How Can Data Science Tools Better Represent Participant Experiences? A Conversation with Ahmed Whitt and Alissa Stover

Ahmed Whitt and Alissa Stover

The Center for Employment Opportunities (CEO) provides wrap-around support and employment services to people returning home from incarceration. While participant feedback was always important to their work, CEO was looking to better understand the range of their participants’ experiences and use it to improve the services they provide. MDRC’s Center for Data Insights (CDI) partnered with CEO and used data science tools and qualitative research to better utilize the feedback CEO was receiving from their participants.  

In this episode, Leigh Parise first talks with Alissa Stover, a former research analyst at MDRC and CDI. Alissa describes CDI’s partnership with CEO, the importance of big-picture thinking in data science, and their implications. Ahmed Whitt, the director of learning and impact at CEO, then explains the critical lessons that were learned.

Leigh Parise: Policymakers talk about solutions, but which ones really work? Welcome to Evidence First, a podcast from MDRC that explores the best evidence available on what works to improve the lives of people with low incomes. I’m your host, Leigh Parise.

In this episode we’ll talk about a research partnership MDRC has with the Center for Employment Opportunities (or CEO), which provides employment and other services to individuals who recently returned home from incarceration. CEO and the MDRC Center for Data Insights (CDI) work together to create data science tools that can more fully capture participants’ lived experiences in order to improve the services that CEO provides.

Today I’m joined by Ahmed Whitt, director of learning and impact at the Center for Employment Opportunities, and Alissa Stover, former research analyst at MDRC, to talk about the details of the partnership and what they learned. All right, Alissa, thank you so much for joining me. It‘s really great to have you on.

Alissa Stover: It’s great to be here, Leigh. Thanks for the invite.

Leigh Parise: Why don’t you start by telling us about the approach that you took to the work with CEO?

Alissa Stover: I think the biggest question that we were trying to answer in the beginning was, What was the relationship between people’s feedback about the program and their later employment outcomes? Does that have any quantitative relationship that you can measure [with] whether they’re employed after the program?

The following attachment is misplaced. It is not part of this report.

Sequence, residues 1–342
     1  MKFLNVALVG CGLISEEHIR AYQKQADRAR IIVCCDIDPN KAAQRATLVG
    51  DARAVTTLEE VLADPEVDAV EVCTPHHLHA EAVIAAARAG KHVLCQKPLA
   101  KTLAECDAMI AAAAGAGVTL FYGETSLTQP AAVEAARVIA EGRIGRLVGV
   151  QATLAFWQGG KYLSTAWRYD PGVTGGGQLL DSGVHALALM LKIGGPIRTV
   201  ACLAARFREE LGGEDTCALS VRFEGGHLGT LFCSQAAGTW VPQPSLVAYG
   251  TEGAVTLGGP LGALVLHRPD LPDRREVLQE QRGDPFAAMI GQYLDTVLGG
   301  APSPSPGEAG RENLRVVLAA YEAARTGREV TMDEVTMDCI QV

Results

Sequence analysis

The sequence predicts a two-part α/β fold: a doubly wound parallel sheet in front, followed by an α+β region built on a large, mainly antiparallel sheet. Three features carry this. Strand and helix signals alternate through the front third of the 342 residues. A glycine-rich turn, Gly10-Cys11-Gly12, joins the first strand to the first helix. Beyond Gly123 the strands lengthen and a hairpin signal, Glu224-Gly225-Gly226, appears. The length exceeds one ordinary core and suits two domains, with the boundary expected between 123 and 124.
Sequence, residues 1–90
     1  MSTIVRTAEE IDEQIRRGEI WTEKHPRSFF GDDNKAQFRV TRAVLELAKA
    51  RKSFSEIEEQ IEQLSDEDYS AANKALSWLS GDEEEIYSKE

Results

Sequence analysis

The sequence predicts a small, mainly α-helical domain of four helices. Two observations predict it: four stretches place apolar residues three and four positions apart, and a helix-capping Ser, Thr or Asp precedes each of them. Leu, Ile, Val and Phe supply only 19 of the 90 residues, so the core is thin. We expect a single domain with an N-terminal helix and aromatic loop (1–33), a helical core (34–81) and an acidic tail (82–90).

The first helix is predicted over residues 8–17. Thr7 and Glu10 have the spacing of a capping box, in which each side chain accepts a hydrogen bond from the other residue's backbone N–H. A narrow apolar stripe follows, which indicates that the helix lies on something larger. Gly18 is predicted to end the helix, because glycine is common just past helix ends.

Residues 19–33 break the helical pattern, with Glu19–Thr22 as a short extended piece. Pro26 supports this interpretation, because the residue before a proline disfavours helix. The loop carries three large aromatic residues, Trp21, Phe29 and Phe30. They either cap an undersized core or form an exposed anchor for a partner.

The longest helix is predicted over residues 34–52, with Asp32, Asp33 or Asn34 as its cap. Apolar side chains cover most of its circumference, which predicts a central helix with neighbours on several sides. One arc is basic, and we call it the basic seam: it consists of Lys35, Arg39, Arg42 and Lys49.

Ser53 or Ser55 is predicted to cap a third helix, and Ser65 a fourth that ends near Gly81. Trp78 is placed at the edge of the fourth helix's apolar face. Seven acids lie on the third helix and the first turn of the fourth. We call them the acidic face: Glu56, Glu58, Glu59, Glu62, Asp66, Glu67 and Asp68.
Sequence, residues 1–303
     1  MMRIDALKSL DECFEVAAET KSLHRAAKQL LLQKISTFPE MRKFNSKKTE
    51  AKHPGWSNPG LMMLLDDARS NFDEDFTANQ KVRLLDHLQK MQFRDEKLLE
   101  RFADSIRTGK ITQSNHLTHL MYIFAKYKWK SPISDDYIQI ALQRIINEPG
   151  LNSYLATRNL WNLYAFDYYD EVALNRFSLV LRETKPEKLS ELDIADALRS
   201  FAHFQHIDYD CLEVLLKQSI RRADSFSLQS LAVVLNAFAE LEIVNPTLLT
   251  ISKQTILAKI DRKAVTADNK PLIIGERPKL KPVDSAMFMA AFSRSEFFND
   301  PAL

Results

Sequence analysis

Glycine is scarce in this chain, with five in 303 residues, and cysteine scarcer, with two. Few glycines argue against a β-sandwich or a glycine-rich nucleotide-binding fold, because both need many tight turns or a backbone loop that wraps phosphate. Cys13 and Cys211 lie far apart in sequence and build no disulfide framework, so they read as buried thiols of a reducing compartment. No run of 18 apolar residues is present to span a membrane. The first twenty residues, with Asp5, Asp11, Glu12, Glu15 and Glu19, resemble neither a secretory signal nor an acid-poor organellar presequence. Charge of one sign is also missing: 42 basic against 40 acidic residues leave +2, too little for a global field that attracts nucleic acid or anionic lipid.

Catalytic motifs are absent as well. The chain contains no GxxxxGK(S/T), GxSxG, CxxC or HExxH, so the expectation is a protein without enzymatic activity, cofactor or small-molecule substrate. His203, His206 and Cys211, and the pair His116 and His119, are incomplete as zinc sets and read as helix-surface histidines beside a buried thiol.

To answer that question, we used what text messages people were sent, how they responded (and so forth), along with their employment outcomes. We measured the relationship between people’s response patterns: whether they responded to the text or not; if they said something positive or negative; and whether they were employed 90 days, 180 days, and 365 days after the program ended. 

With that more classic data work, we learned a lot—I think we learned a lot of important lessons for the field generally. But we sort of hit a wall, where we realized that the quantitative data wasn’t going to answer everything. I think this is a testament to the unique way in which the Center for Data Insights works. You might think [in] a data science job, all they do is work with data in the classic sense of data, but I think CDI really pushes further and thinks about the bigger picture. What information from program staff can you weave into your analysis-- along with information from the participants directly -- to use for some sense-making?

So we did push into other types of data—more qualitative data—to answer the questions that were brought up from the first quantitative phase. We not only did one-on-one interviews with CEO participants to hear their points of view, but we also asked a Participant Advisory Council (or PAC) at CEO—that was comprised of both alumni and current participants in the program—how to conduct those interviews and how to think about the data results of the qualitative interview reviews (and then also the quantitative). We were really looking at the full picture.